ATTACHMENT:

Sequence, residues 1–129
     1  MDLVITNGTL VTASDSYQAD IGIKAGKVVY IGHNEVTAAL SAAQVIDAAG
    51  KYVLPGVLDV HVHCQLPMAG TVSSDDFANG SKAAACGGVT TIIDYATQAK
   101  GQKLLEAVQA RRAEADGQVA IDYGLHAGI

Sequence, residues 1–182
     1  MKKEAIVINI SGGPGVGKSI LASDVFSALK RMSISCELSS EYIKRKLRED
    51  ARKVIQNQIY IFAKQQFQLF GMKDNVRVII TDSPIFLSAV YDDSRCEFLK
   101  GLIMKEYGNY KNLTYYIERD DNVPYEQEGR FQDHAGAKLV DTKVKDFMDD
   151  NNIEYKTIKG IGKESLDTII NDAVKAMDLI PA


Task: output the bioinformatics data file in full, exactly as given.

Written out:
Sequence, residues 1–129
     1  MDLVITNGTL VTASDSYQAD IGIKAGKVVY IGHNEVTAAL SAAQVIDAAG
    51  KYVLPGVLDV HVHCQLPMAG TVSSDDFANG SKAAACGGVT TIIDYATQAK
   101  GQKLLEAVQA RRAEADGQVA IDYGLHAGI

Sequence, residues 1–182
     1  MKKEAIVINI SGGPGVGKSI LASDVFSALK RMSISCELSS EYIKRKLRED
    51  ARKVIQNQIY IFAKQQFQLF GMKDNVRVII TDSPIFLSAV YDDSRCEFLK
   101  GLIMKEYGNY KNLTYYIERD DNVPYEQEGR FQDHAGAKLV DTKVKDFMDD
   151  NNIEYKTIKG IGKESLDTII NDAVKAMDLI PA